The circumstances of plaintiffs' travel from the precinct to the courthouse, where members of the press were waiting to film and question plaintiffs, do not constitute an unreasonable seizure. There is nothing unconstitutional about advising the press that defendants will be arraigned at a particular time and place. And there is nothing unconstitutional about having press present even by arrangement when a defendant is legitimately taken to court, as occurred here. The fatal error in Lauro, as I read the decision, was that the entire event was fictitious and served no other purpose except to provide a film crew with the opportunity to obtain footage for the evening news. The Lauro Court at least hinted, if it did not make clear, that it would not deem a warning or notification to the press to be unconstitutional. Lauro, 219 F.3d at 213. Indeed, to find such conduct unconstitutional, I would have to conclude that plaintiffs had a constitutional right to keep their identities and the fact of their arrests a secret, a conclusion I am required to reject in view of the Supreme Court's reasoning in Paul, 424 U.S. at 712, 96 S. Ct. at 1166, and the Second Circuit's conclusion in Rosenberg, 478 F.2d at 524-25.

Even if the courthouse "perp walk" could be considered a seizure for purposes of the Fourth Amendment, it did not violate plaintiffs' constitutional rights, because there was a legitimate law-enforcement reason for leaving the police station and bringing plaintiffs into the Mr. Pleasant courthouse namely, their arraignment. Assuming, arguendo, that what the police were doing outside the courthouse was waiting for the press to arrive, I am not persuaded that this action unconstitutionally aggravated the legitimate seizure that occurred when plaintiffs were arrested. The fact is, plaintiffs' arrest was a newsworthy event. The press could not be kept from covering it, and the police are not constitutionally compelled to make their job more difficult.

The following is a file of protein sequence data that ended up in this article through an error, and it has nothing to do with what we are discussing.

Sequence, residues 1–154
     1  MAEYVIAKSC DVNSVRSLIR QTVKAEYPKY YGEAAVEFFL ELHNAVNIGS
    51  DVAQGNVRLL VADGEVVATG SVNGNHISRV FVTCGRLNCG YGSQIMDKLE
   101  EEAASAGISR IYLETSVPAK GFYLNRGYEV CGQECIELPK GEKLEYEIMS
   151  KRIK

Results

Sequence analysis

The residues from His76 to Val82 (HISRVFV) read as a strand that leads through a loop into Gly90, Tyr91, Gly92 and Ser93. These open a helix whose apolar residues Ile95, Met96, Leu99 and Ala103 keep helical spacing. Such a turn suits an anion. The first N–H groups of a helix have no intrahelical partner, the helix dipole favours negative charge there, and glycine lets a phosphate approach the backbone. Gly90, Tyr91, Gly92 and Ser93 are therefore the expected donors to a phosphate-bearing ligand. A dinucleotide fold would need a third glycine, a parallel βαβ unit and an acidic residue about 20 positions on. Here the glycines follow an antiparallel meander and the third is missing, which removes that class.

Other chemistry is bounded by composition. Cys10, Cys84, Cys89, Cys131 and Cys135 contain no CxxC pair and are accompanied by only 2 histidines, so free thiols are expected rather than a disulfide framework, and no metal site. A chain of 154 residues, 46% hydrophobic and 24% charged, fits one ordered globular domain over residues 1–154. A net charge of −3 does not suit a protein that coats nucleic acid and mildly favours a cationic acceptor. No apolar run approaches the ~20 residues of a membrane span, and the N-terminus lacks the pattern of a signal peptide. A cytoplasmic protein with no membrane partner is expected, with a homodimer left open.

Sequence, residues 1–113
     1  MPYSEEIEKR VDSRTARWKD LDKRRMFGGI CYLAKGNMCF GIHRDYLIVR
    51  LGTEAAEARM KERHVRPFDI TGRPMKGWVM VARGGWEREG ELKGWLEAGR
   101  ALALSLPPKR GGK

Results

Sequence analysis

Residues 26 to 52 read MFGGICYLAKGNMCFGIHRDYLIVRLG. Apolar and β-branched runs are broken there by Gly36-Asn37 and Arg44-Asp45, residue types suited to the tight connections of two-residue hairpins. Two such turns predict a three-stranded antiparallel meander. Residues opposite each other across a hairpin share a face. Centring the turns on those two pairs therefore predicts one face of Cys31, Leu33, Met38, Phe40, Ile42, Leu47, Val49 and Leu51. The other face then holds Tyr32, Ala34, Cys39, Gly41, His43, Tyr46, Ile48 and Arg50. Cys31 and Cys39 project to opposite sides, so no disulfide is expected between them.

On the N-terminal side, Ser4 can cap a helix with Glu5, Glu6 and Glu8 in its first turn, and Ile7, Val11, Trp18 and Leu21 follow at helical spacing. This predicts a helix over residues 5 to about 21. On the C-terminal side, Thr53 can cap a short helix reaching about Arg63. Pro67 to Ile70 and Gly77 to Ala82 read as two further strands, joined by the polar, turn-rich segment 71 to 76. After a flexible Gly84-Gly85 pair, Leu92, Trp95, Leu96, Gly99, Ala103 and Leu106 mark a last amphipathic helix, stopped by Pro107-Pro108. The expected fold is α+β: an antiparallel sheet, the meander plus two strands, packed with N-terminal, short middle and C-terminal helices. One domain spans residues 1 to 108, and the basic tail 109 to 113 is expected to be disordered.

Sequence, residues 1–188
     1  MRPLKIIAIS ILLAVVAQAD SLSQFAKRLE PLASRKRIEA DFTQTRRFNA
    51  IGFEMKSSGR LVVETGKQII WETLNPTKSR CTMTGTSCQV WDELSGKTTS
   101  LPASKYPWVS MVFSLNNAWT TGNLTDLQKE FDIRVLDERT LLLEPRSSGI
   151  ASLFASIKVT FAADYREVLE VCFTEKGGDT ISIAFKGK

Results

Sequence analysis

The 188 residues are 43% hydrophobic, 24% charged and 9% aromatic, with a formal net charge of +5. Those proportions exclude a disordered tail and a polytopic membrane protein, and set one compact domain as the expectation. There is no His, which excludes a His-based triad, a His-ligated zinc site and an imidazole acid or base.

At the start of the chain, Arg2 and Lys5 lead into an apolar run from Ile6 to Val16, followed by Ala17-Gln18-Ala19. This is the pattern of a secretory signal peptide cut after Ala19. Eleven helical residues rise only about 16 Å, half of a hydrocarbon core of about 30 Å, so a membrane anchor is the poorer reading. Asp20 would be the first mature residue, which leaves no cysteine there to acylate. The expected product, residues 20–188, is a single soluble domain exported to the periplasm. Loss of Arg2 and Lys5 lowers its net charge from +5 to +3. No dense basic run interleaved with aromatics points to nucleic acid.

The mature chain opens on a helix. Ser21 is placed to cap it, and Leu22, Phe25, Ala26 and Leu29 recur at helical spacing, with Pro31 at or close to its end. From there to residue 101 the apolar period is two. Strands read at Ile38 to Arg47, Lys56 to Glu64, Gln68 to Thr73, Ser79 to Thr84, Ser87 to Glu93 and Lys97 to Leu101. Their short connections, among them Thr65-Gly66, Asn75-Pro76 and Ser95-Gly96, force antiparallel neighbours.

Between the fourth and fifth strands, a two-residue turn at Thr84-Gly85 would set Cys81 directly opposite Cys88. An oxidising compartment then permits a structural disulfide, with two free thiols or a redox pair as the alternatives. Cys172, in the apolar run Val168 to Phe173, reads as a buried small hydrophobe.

For the reasons discussed above, defendants' motion for summary judgment is granted. The clerk is directed to dismiss all claims against defendants and to close the case.

This constitutes the order and decision of the Court.


[1] On September 1, 2000, the parties agreed to the withdrawal of all claims against Spano and Pozzi in their individual capacities.

[2] There is some evidence in the record that one or more of these calls may have been made on the morning of Monday, July 12.

[3] In their papers, plaintiffs also complain that their arrests were not lawful, and that they were denied access to counsel or union representation at the time of arrest. However, Plaintiffs do not raise a denial of counsel claim in their complaint, nor do they allege a violation of the Fourth Amendment based on lack of probable cause. In fact, Caldarola has brought a separate action before this court alleging that the County lacked probable cause to arrest him. See Caldarola v. DeCiuceis, 142 F. Supp. 2d 444 (S.D.N.Y.2001). The only issue presently before this court is plaintiffs' "perp walk" claim. To the extent plaintiffs are arguing that the denial of representation and the lack of access to the union representative contributed to the unreasonableness of the "seizure," I do not find this conduct to be relevant.

[4] Smith, who was previously a plaintiff in this action, withdrew his claims on June 19, 2000.

[5] They also claim that later in the day, SIU officers, not County police officers, took them in DOC cars from the police station to the courthouse for arraignment.

[6] The Court of Appeals, because it found a sufficient Due Process violation and remanded the case to the District Court, did not address this claim. Because the Supreme Court agreed with the District Court on the Due Process issue, it had to consider whether any other Constitutional provision could support the litigation. Paul, 424 U.S. at 712, 96 S. Ct. at 1166.